... and so forth. However, in the Hebrew, words like "gloat", "satisfaction", "desire", "triumph", etc, do not exist - all such are interpretive. The Hebrew consists of just three words: וּ֝בְאֹיְבַ֗י רָאֲתָ֥ה עֵינִֽי׃ , = "and upon my enemies my eye has seen"; The literal versions give:

  • YLT: And on mine enemies hath mine eye looked!
  • BSB: and my eyes have stared down my foes. (Even this is slightly interpretive)

I agree with the implication in the OP's question that any hint of gloating over the fall of any enemy is to be deeply regretted. Even the LORD when he comes to destroy the wicked, He calls this His "alien task" (Isa 28:21), because the LORD takes no pleasure in the death of anyone (Eze 18:32), and no pleasure in the death of the wicked (Eze 33:11).

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  • Thx for mentioning that triumphalism and/or gloating are bad. One viewpoint could be looking at subdued enemy with relief & withOut anymore fear, but Not gloating and/or Not in triumphalism also. Like a Violent Bear chasing you in the forest, and you are obviously in a fearful state but after God helps you physically defeat the bear, you look upon the subdued bear with relief & withOut anymore fear, but Not gloating and Not in triumphalism. You are just relieved that the battle with enemy is over, and you won.
    – crazyTech
    Jul 31 '20 at 1:27
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    @crazyTech - one is just glad that the threat is past.
    – Dottard
    Jul 31 '20 at 1:35
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I think we need to expand the passages a bit and understand the type of literature we are reading in Psalms and in Proverbs.

The different literary styles of the bible

Proverbs is wisdom literature. It compares and contrasts actions and uses exaggeration to prove a point. They are straight forward and meant to make young men wise. Psalms are poems and songs for choirs. It is usually David pouring out his heart to God in full unabated honesty and sincerity.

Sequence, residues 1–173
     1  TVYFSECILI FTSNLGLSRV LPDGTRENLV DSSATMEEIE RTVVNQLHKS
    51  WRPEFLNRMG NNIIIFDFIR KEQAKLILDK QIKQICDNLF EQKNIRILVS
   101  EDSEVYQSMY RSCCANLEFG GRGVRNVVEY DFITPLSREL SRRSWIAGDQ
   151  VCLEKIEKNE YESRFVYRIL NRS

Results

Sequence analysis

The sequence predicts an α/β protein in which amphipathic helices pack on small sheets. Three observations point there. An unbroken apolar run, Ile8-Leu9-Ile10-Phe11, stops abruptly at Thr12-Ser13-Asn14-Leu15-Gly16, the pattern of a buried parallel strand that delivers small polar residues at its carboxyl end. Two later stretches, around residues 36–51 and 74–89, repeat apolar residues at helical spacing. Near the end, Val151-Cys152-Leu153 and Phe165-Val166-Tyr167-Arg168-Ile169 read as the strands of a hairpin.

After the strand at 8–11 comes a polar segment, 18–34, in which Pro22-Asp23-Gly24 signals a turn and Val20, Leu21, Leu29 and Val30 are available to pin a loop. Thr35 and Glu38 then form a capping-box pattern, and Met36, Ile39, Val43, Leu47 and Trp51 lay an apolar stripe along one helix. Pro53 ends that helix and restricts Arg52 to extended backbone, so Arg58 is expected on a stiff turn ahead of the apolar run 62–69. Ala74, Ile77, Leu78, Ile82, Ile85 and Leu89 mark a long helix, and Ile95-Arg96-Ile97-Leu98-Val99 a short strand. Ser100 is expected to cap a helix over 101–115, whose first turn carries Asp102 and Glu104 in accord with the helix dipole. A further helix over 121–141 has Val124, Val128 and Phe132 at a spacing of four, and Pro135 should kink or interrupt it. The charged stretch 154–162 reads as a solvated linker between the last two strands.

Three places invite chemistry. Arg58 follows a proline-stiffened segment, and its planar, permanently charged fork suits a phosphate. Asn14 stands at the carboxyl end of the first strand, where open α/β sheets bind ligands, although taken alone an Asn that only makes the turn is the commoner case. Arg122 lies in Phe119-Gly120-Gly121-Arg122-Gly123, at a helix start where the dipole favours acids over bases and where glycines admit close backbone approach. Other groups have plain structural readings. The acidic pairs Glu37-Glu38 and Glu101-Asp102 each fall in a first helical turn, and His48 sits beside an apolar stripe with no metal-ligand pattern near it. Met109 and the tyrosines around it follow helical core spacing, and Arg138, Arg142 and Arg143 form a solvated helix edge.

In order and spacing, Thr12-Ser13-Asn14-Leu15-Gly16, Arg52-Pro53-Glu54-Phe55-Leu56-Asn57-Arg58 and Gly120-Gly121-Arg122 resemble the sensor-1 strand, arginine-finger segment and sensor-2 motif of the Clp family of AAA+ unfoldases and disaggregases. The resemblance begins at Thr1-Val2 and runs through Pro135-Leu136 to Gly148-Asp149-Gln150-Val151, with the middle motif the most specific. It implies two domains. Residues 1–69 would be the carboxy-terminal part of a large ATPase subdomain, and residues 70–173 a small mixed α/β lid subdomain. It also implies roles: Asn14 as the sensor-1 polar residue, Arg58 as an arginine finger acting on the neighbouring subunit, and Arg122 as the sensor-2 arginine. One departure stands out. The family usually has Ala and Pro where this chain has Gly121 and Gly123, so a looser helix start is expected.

Psalms 54 specifically was: For the choir director: A psalm of David, regarding the time the Ziphites came and said to Saul, “We know where David is hiding.” To be accompanied by stringed instruments.

Psalms 54:4-7 ESV

Behold, God is my helper;
    the Lord is the upholder of my life.
5 He will return the evil to my enemies;
    in your faithfulness put an end to them.

6 With a free will offering I will sacrifice to you;
    I will give thanks to your name, O Lord, for it is good.
7 For he has delivered me from every trouble,
    and my eye has looked in triumph on my enemies.

A commentary explained it this way:

Psalms 54:7 (ESV)

For He has delivered me out of all trouble; And my eye has seen its desire upon my enemies.

a. For He has delivered me out of all trouble: David confidently brought his request to God, knowing that many times before God had delivered him. God’s past faithfulness became the ground for future faith.

i. “This is the language of faith; this is the triumph of trust.” (Trapp)

ii. It is likely that David said this in faith, in anticipation of deliverance. When it came, it was remarkable. After the Ziphites betrayed David in 1 Samuel 23:19 Saul came very close to capturing him. When David was almost in Saul’s grasp, the king learned of a Philistine invasion and had to break off his pursuit (1 Samuel 23:27-28).

iii. “David lived a life of dangers and hair-breadth ‘scapes, yet was he always safe.” (Spurgeon)

b. My eye has seen its desire upon my enemies: David knew what it was like to defeat his enemies before (Goliath is one example); he trusted that he would know it again.

i. “As admiring God’s justice on his enemies, and love towards his people, he was well pleased with such a providence, and beheld it with comfort.” (Trapp)

ii. There is a sense in which David in this psalm prefigured his Great Son. Jesus was the anointed King yet to come into the fullness of His kingdom. He came to rescue and lead God’s people, and when He did, some among God’s people betrayed Him unto death. We can easily see these lines from the psalm in the mouth of Jesus, praying to His Father:

Save Me, O God, by Your name, Strangers have risen up against Me. Behold, God is My helper; He has delivered Me out of all trouble.

Proverbs 24:17-18 ESV

17 Do not rejoice when your enemy falls,
    and let not your heart be glad when he stumbles,
18 lest the Lord see it and be displeased,
    and turn away his anger from him.

Proverbs is more of a warning. Stay focused on God, not your enemies. If you focus on your enemies and you gloat over them getting beat, then God is going to stop and and deal with your hard heart and not your enemy.